With a netcat listener like:

nc -l <port> < ~/.bashrc

I can grab my .bashrc on a new machine (doesn't have nc or LDAP) with:

cat < /dev/tcp/<ip>/<port> > ~/.bashrc

My question is: Is there a way to mimic the capabilities of nc -l <port> in my first line with /dev/tcp instead of nc?

The machines I'm working on are extremely hardened lab/sandbox environment RHEL (no ssh, no nc, no LDAP, no yum, I can't install new software, and they are not connected to the internet)


5 Answers 5


Unfortunately it's impossible to do with just bash. /dev/tcp/<ip>/<port> virtual files are implemented in the way that bash tries to connect to the specified <ip>:<port> using connect(2) function. In order to create listening socket, it would have to call bind(2) function.

You can check this by downloading bash sources and looking at it. It is implemented in lib/sh/netopen.c file in _netopen4 function (or _netopen6, which also supports IPv6). This function is used by wrapper function netopen from the same file, which in turns is directly used in file redir.c (redir_special_open function) to implement this virtual redirection.

You have to find some other application that can create listening socket on your machine.

  • 1
    +1 the bash allows to create the client socket but the server socket you can use nc or can be implemented with perl or c, in fact server process will loop accepting connections and spawning processes or creating threads or it can accept only one connection by one Commented Oct 4, 2012 at 19:36
  • 2
    @NahuelFouilleul: That is not entirely correct. You can process a lot of clients with just one thread/process using so called "asynchronious" or "event driven" network programming (try googling for select() function and how it can be used in network programming). In many cases it's much better (faster) way of accepting a lot of clients. Commented Oct 4, 2012 at 19:50
  • Thanks I didn't though of this solution Commented Oct 4, 2012 at 20:12
  • 4
    This is what xinetd is for. It does the listening, and spawns your arbitrary process/script for any incoming connections. With it, anything can become a TCP/IP server.
    – anon
    Commented Jan 23, 2016 at 23:33

If Perl is installed (as it will be on a RHEL machine):

perl -MIO::Socket::INET -ne 'BEGIN{$l=IO::Socket::INET->new(
  $l=$l->accept}print $l $_' < ~/.bashrc

would work, unless a local firewall doesn't allow incoming connections to 1234.

If socat is installed:

socat -u - tcp-listen:1234,reuseaddr < ~/.bashrc

If zsh is installed:

zmodload zsh/net/tcp
ztcp -ld3 1234 && # start listening socket on fd 3
  ztcp -ad4 3 && # accept connection on fd 4
  ztcp -c 3 && # close the listening socket that is no longer needed
  cat < ~/.bashrc >&4 && # send the data
  ztcp -c 4 # close the communication socket to tell the other end we're finished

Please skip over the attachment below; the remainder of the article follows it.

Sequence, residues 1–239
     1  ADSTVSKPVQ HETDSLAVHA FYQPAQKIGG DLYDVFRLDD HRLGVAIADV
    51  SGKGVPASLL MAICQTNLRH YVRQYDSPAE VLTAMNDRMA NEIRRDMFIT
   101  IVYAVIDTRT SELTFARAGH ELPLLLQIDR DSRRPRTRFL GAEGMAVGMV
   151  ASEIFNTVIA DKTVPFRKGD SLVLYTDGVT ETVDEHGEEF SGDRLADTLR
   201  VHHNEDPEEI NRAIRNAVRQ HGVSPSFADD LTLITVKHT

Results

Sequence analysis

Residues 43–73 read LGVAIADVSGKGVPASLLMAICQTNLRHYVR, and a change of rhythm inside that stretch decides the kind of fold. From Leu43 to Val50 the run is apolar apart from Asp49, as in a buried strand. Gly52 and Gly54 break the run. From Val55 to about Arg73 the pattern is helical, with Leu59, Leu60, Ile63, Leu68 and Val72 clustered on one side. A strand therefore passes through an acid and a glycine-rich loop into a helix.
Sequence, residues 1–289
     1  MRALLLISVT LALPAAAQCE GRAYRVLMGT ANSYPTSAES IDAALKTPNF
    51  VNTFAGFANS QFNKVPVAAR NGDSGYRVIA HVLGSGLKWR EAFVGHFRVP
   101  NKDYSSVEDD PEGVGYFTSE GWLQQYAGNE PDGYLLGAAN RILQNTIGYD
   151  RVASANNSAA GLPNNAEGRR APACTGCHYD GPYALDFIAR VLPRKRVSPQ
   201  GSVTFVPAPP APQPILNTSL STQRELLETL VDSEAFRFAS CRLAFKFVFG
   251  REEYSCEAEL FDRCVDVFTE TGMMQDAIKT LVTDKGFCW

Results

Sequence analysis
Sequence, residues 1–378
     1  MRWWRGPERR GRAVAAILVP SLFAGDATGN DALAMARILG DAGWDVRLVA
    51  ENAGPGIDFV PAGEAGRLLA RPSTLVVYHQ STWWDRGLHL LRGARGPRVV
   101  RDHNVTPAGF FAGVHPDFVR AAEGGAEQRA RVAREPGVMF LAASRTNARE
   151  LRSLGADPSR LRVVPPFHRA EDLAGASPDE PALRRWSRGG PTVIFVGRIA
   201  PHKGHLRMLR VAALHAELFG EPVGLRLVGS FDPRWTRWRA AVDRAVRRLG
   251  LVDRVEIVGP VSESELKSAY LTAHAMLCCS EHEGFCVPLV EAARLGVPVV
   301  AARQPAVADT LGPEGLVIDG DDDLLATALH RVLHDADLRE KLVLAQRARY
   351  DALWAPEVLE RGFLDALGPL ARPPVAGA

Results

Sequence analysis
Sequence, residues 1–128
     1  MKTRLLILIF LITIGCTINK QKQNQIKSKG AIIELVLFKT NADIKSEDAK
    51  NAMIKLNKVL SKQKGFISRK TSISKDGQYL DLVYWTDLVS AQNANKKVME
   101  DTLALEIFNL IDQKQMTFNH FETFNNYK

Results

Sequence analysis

• Shouldn't the last ztcp -c 4 command read 3? Otherwise great info, great tip.
    – dza
    Commented Jul 17, 2016 at 11:28
  • @dezza, see edit. The socket on fd 3 wasn't being closed indeed (though it would have been when the script terminates). We need to close the socket on fd 4 so the other end gets an EOF. Commented Jul 17, 2016 at 11:36

There isn't a way to listen because listening is not in bash as Adamski pointed out.

But you don't need to listen on the client so you don't need netcat on the client to transfer files, for example:

## To send a file to the locked down computer: 
 ## Local server where you do have netcat 
cat ~/.bashrc | nc -l -q 1 -p 8998

 ## Remote locked down computer without netcat
cat < /dev/tcp/local.server.ip.addr/8998 > latest.bashrc 

## To grab a file from the locked down computer: 
 ## First - on the local server run 
nc -l -p 8998 -q 1 > remote.bashrc < /dev/null 

 ## Then on the locked down computer run: 
cat ~/.bashrc > /dev/tcp/local.server.ip.addr/8998 0<&1 2>&1
  • This is a fantastic summary. Thanks!
    – likebike
    Commented Jun 30, 2021 at 1:36

You can use D. J. Bernstein's ucspi-tcp, see http://cr.yp.to/ucspi-tcp.html

  • Instead of just saying "you can use (this link)", a proper answer here would say "obtain (this software) from (here), install it using (these steps), then run it using (these options)" ... in order to answer the question, which was "Is there a way to mimic the capabilities of nc -l <port> in my first line with /dev/tcp instead of nc?"
    – Jeff Schaller
    Commented Sep 13, 2020 at 13:26

you can do that as you said, asking /dev/tcp, with bash:


if it runs immediately, it's listening, either way it times out

  • 4
    No. You definitely didn't test this and if you did you must not understand the results. Your suggestion would open the socket (not listen) and redirect into whatever command you ran. A correct answer has already been found (almost 6 years ago...) so I'm not sure why you chose to necro this question.
    – h3rrmiller
    Commented May 8, 2018 at 4:05

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